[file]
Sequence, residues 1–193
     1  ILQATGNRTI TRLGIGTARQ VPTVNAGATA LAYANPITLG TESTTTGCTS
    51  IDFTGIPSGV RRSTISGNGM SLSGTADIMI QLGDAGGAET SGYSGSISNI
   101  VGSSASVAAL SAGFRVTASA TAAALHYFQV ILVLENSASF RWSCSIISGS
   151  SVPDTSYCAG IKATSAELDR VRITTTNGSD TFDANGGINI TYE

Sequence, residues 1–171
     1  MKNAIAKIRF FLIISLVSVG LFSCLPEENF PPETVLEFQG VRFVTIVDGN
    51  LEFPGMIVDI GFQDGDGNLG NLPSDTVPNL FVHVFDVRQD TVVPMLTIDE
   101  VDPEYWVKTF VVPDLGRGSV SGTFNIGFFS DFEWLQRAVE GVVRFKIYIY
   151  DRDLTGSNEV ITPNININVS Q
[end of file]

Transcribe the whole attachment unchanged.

Sequence, residues 1–193
     1  ILQATGNRTI TRLGIGTARQ VPTVNAGATA LAYANPITLG TESTTTGCTS
    51  IDFTGIPSGV RRSTISGNGM SLSGTADIMI QLGDAGGAET SGYSGSISNI
   101  VGSSASVAAL SAGFRVTASA TAAALHYFQV ILVLENSASF RWSCSIISGS
   151  SVPDTSYCAG IKATSAELDR VRITTTNGSD TFDANGGINI TYE

Sequence, residues 1–171
     1  MKNAIAKIRF FLIISLVSVG LFSCLPEENF PPETVLEFQG VRFVTIVDGN
    51  LEFPGMIVDI GFQDGDGNLG NLPSDTVPNL FVHVFDVRQD TVVPMLTIDE
   101  VDPEYWVKTF VVPDLGRGSV SGTFNIGFFS DFEWLQRAVE GVVRFKIYIY
   151  DRDLTGSNEV ITPNININVS Q